That being said, the French intervention raises many questions for the future that will have to be addressed. I will leave out the accusations, certainly minority but stupid, of neo-colonialism and nostalgia for France-Africa. On the one hand, the engagement of French troops on a field of operations as vast, as hostile geographically and as difficult to be mastered in terms of diversity of the populations raises problem. But France has a major international asset: almost unanimity of the international community, which is rare, including the tacit and discreet agreement of Russia and China, themselves directly concerned about the aggressive expansion of radical Islam. On the other hand, on the ground and locally, France risks becoming stuck in a dead-end conflict, like what happened for the United States in Iraq and Afghanistan. Guerrilla tactics in the desert or semi-urban environments of extremist groups such as AQIM, MUJAO, Ansar Eddine and other radical actors in the theater of operations are simply not manageable by conventional troops, even experienced in special operations and even supported by ultra-sophisticated surveillance systems. France’s intervention in this conflict, therefore, can only be rapid, powerful and short-lived, but it cannot spread over time, at the risk of becoming bogged down.
France’s intervention will probably be a kick in the anthill without eliminating the armed groups that threatened the integrity and even the existence of Mali. The international response, sponsored by the Western world and enjoying the legitimacy of a Security Council resolution, is to set up a coalition of African troops supposed to restore order in the region and allow the search for a consensual solution to Mali’s internal problems. However, the realization of such operations in Africa has not proved so far very convincing because of the lack of cohesion of the units thus assembled, their lack of training in the face of guerrilla warfare with the tactics of harassment and dispersion and support it receives from certain parts of the population. The battle against such movements can only be won if it is supported or even led by the population itself. In the case of Mali, the involvement of the Tuaregs in the fight against Islamist extremist movements is obvious as a strategic variable to eliminate the threat they pose to the region. They have known the area for centuries, know how to survive it and how to control it. Only them can really clean up the area and destroy the terrorist threat in the bud, if they are given what they have always asked for: respect for their culture and their traditions and a real autonomy in the north of the country. This concretely means a true partnership with the MNLA and ultimately the building in Mali of a true and authentic federal state.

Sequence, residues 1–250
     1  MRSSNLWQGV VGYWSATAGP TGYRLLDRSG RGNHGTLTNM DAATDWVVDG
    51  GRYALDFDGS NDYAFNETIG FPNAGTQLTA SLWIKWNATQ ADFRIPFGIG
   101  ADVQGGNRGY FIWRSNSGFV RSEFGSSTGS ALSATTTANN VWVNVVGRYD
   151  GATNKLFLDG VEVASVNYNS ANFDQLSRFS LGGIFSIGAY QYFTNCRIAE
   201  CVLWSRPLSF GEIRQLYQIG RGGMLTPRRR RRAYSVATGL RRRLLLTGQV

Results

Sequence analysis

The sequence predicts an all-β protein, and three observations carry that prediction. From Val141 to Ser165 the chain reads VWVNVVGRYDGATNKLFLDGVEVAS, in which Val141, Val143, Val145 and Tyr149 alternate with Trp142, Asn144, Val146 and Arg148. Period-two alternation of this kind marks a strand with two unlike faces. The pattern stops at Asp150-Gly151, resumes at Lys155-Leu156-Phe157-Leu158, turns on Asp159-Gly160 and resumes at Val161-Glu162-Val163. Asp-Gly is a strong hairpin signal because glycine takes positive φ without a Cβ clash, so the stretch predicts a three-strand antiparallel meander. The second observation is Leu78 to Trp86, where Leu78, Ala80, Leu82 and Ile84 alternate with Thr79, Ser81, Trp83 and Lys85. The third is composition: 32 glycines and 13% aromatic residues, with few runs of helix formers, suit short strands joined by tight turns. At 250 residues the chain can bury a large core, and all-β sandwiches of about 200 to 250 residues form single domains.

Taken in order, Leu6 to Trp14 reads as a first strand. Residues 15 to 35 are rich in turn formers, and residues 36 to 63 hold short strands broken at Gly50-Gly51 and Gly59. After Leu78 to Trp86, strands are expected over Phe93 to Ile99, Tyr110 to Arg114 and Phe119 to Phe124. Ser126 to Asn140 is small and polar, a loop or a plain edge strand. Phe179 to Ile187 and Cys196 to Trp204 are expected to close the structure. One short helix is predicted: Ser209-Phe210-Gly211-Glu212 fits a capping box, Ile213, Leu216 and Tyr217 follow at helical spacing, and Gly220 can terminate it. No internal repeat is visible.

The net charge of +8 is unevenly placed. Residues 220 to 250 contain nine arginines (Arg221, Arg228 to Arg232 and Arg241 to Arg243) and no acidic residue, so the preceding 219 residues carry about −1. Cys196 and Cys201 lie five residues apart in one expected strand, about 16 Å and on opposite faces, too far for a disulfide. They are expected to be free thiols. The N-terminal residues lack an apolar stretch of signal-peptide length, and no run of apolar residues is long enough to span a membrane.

In the longer term, however, radical Islam will continue to flourish, in Africa and elsewhere. The reason is simple: radical Islam is result of our own perversion, of the dark side of a Western world who pretends to market everything economically and to dominate everything culturally. As long as billions of human beings will continue to live in utter destitution, most absolute ignorance and arrogant contempt of the powerful and the rich, terrorist vocations will multiply. Therefore, we must put an end to the injustices of all kinds in the world, create economies in the service of the people and not the opposite, build a new framework for living better and institutions that lead to the respect and development of the human being. Unfortunately, we are still quite far from that.